La Traviata

Giuseppe Verdi, libretto Francesco Maria Piave
Teatro del Maggio Musicale, Florence

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Nadine Sierra (Violetta) Credit: Michele Monasta
Francesco Samuele Venuti (Baron Douphol) and Nadine Sierra (Violetta) Credit: Michele Monasta
Unnamed domestic and Nadine Sierra (Violetta) Credit: Michele Monasta

Thank goodness for Nadine Sierra. She stands out in this ill-conceived production like a rare, single prize orchid in a vase.

The honey-rich depth of her voice reminded me at times of Maria Callas, her upper register shines and each note of the coloratura passages in Sempre libera sparkles like the individual bubbles in her champagne flute.

The American soprano, whose latest CD was released this year, touches the heart too in a show otherwise lacking intensity, in joyful release finding a new life with Alfredo, and in tragic release and resignation at the close. It's a full-focus tour de force.

That final act is the most convincing, stripped of director Davide Livermore’s conceits, apart from the figures from Violetta’s past who parade like ghosts behind her, and her departure into the light as Alfredo cradles a dead lookalike figure on the couch. The Spanish dance in the second act is cleverly integrated into the chorus, but I struggle to find anything else in the production that really works.

The piece has been transferred to the 1970s, with hideous clothes, and a chorus dancing at Violetta’s party with all the elegance of middle-aged managers at the works’ Christmas do. Couples pair up in variable gender combinations, with a little freelance strangling, until things get out of hand and the Surete step in. A pity they didn’t arrive earlier.

Left alone, Violetta famously muses on the unfamiliar stirrings of love, "E strano!" while a distorted image of conductor Zubin Mehta floats up and down like a spectre in the large mirror behind her. Strano indeed. And what is one to make of the silent chain-smoking char written into the action at multiple points?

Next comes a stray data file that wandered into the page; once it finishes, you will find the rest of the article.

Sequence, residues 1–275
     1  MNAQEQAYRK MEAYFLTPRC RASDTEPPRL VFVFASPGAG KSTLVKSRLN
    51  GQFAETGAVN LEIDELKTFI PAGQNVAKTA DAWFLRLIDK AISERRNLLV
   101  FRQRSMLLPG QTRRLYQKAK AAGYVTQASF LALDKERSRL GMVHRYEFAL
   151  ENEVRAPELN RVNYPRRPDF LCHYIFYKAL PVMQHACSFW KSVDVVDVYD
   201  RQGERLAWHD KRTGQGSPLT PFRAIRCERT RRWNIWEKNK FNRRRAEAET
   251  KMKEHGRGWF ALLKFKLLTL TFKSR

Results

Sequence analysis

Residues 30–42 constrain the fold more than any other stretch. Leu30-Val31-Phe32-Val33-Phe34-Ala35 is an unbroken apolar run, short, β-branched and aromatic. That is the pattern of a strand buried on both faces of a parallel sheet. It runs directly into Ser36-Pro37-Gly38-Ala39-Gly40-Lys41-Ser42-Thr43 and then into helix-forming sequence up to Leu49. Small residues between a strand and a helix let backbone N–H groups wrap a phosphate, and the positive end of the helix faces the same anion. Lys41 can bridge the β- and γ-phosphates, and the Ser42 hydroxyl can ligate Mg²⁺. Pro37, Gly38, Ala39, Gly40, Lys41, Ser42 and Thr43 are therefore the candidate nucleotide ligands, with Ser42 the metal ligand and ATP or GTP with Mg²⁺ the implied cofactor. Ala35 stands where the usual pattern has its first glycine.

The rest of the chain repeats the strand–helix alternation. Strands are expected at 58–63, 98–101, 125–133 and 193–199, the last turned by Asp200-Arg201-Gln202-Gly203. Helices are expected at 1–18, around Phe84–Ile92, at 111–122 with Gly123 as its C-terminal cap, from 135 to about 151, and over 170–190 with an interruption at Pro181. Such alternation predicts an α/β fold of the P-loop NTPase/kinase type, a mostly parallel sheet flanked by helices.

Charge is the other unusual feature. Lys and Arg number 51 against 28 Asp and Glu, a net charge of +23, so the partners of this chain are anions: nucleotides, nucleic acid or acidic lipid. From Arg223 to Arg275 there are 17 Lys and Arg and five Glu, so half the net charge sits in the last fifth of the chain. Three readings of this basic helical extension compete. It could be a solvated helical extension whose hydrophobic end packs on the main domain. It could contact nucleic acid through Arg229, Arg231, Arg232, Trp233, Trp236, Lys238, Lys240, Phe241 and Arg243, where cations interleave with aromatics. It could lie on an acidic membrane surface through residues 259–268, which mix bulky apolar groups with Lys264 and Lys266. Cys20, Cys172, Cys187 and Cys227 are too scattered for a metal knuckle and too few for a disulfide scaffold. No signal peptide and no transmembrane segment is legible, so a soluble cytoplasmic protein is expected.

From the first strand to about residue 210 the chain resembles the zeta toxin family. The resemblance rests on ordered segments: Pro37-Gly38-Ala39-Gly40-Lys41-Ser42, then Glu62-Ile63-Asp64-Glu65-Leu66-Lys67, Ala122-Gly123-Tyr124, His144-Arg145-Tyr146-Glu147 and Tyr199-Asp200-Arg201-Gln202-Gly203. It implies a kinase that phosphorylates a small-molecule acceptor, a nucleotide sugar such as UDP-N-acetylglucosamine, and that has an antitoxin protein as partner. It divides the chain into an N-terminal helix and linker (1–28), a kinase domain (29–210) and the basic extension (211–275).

The second act is the most puzzling. Instead of transporting the action to a country house, the lovers seem to have deserted the false, glittering world of Paris society for the false, glittering world of a glamour magazine populated by half-naked slouching models and located in a slummy part of town. Alfredo must be a man of low expectations as he sings of his happiness "in this charming place."

Francesco Meli’s Alfredo seems to have wandered into the wrong opera from the start. Dressed in a ghastly frilly shirt, he seems far too sure of himself, coming across as a cocky lad who looks as if he couldn’t really be bothered whether his chat-up line works or not. What Violetta sees in him to set him apart from the rest of the wasters around her I cannot imagine.

Leo Nucci is out of place too, as Germont père, but for a different reason. Like Placido Domingo, who was 78 when he played the part at Covent Garden in 2019, it is remarkable that Nucci at 79 can play the part at all. But it hardly seems necessary to say that both are past their best, and look too old by a generation or two to be Alfredo’s father, Nucci looking out at the audience with a 'What am I doing here?' expression. I imagine both were there only because their names if no longer their voices help to fill an auditorium.

Reviewer: Colin Davison

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